Will Social Security Be There?

Here starts a mini-series of TGIF 2 Minutes editions.

The following is taken directly from the current Social Security website. The italics below are copied from the website and presumably are meant for emphasis. Underlines are mine.

The concepts of solvency, sustainability, and budget impact are common in discussions of Social Security but are not well understood. Currently, the Social Security Board of Trustees projects program cost to rise by 2035 so that taxes will be enough to pay for only 75 percent of scheduled benefits. This increase in cost results from population aging, not because we are living longer, but because birth rates dropped from three to two children per woman. Importantly, this shortfall is basically stable after 2035; adjustments to taxes or benefits that offset the effects of the lower birth rate may restore solvency for the Social Security program on a sustainable basis for the foreseeable future. Finally, as Treasury debt securities (trust fund assets) are redeemed in the future, they will just be replaced with public debt. If trust fund assets are exhausted without reform, benefits will necessarily be lowered with no effect on budget deficits.

Social Security is back in the news and is never a popular topic when the talk pertains to lack of sustainability for future payments to Americans. On the plus side, it is political dynamite for any lawmaker or US President to preside over a reduction or threat to Social Security. Therefore, the likelihood of Social Security being in huge jeopardy is low.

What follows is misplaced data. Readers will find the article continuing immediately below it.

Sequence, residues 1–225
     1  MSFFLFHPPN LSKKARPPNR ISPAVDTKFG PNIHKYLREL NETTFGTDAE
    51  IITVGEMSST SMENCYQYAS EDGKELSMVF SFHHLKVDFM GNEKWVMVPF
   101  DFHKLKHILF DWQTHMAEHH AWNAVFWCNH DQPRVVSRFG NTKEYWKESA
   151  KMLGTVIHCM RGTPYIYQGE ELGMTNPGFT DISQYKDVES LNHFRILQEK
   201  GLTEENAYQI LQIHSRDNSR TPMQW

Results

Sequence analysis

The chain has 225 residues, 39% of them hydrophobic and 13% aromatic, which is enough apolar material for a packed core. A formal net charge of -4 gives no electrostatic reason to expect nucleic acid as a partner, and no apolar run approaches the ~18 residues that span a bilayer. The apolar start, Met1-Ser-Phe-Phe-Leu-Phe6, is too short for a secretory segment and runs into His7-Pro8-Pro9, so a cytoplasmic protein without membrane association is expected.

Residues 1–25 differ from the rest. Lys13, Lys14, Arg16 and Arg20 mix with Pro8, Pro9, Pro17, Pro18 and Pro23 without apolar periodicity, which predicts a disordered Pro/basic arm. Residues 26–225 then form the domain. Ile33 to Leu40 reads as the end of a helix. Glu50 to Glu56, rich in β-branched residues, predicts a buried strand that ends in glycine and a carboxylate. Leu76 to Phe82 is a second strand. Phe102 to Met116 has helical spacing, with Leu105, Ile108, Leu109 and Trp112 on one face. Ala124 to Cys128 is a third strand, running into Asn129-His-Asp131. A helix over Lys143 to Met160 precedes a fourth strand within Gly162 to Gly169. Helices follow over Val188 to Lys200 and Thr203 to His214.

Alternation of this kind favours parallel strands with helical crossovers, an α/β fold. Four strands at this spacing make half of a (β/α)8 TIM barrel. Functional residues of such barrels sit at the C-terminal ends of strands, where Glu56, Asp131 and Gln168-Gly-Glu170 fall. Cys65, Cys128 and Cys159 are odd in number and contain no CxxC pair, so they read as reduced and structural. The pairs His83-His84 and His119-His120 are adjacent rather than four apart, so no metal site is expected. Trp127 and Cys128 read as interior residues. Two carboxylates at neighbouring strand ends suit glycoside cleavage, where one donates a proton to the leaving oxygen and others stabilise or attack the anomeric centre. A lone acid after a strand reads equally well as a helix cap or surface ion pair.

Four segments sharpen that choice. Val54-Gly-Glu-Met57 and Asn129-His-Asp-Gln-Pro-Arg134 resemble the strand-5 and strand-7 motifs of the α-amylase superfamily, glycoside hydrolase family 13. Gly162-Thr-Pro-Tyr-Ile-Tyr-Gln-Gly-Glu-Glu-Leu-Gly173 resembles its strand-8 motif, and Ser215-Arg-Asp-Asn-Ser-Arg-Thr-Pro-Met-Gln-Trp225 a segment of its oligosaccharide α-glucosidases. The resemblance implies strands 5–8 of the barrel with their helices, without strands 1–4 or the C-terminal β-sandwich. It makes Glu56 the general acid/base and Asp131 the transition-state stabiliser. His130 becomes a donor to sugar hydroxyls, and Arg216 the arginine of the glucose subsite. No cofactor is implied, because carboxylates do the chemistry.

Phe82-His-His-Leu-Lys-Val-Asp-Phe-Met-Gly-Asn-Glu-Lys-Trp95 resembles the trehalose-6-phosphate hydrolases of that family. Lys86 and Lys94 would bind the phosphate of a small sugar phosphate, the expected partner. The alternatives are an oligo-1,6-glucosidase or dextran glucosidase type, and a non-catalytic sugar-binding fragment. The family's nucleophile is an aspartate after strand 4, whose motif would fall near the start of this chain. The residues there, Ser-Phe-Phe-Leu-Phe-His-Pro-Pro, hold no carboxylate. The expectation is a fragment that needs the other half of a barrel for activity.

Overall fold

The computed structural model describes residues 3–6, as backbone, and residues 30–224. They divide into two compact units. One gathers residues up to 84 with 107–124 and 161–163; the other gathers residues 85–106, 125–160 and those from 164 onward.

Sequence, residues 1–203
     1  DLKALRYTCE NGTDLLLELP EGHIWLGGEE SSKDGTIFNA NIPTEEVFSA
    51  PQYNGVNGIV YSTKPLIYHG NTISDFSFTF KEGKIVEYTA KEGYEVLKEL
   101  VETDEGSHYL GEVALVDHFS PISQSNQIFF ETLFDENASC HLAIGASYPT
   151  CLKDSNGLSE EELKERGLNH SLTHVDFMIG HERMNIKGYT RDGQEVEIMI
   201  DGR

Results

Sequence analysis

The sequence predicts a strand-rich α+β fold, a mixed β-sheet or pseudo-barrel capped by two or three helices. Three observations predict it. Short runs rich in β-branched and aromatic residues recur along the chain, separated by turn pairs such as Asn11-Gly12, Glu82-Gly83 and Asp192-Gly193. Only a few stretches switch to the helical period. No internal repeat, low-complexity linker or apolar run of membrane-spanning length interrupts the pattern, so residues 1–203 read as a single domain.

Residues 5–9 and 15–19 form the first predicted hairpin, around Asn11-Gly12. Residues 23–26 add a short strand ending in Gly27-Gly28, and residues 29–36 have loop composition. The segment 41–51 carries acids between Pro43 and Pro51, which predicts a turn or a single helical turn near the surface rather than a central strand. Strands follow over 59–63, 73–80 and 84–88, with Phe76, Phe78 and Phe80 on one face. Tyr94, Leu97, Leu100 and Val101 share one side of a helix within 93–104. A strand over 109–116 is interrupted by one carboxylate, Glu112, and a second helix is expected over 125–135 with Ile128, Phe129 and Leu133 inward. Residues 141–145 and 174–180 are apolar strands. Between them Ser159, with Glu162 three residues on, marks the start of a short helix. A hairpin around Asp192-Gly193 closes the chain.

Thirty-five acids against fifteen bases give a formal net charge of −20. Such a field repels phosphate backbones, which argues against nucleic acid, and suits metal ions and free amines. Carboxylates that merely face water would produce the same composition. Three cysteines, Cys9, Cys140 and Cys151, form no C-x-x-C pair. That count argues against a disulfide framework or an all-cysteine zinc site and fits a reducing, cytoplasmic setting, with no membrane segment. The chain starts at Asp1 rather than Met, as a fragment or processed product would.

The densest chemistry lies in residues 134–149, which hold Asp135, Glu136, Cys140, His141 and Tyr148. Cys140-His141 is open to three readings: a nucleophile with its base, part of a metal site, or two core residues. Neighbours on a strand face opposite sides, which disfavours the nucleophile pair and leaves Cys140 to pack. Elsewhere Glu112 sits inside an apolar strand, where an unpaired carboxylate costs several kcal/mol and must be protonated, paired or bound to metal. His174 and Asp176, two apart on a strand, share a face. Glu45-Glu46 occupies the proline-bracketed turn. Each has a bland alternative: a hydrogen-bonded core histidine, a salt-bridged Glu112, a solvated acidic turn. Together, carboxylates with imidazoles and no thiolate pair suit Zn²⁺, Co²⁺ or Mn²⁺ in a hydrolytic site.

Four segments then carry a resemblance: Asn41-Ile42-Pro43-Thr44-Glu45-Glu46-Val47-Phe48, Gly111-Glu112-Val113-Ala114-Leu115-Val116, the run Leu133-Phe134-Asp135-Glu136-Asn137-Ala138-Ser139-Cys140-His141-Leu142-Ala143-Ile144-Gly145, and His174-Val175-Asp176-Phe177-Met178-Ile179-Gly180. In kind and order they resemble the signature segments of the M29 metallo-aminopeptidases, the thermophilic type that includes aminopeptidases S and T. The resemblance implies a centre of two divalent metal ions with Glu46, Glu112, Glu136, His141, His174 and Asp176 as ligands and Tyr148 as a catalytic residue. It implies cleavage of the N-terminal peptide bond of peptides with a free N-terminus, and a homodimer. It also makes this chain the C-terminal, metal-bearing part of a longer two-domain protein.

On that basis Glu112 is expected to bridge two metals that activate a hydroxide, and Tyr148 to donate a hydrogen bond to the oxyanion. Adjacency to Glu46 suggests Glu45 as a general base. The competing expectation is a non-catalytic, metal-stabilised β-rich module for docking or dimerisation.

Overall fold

However, the numbers are the numbers, and the costs are rising. To keep this introductory post short, let’s simply review the statement above and get to the numbers later.

“…taxes will be enough to pay for only 75 percent of scheduled benefits.”

  • This statement indicates that either taxes are going UP (likely) or Social Security will not pay out full benefits (somewhat unlikely).

“This increase in cost results from population aging, not because we are living longer, but because birth rates dropped from three to two children per woman.”

  • This statement makes no sense and seemingly contradicts itself.

“…adjustments to taxes or benefits that offset the effects of the lower birth rate may restore solvency for the Social Security program…”

  • This statement is another version of the need for taxes to go UP.

“Finally, as Treasury debt securities (trust fund assets) are redeemed in the future, they will just be replaced with public debt.”

  • This statement indicates that future generations of ALL wealth and income levels, starting NOW, will be handed more heinous government debt.

“If trust fund assets are exhausted without reform, benefits will necessarily be lowered…”

  • This statement indicates what could happen if there are no reforms to Social Security, which is unlikely.

Time to listen to “Buy Dirt” again and enjoy today and the current weekend on a best efforts basis!

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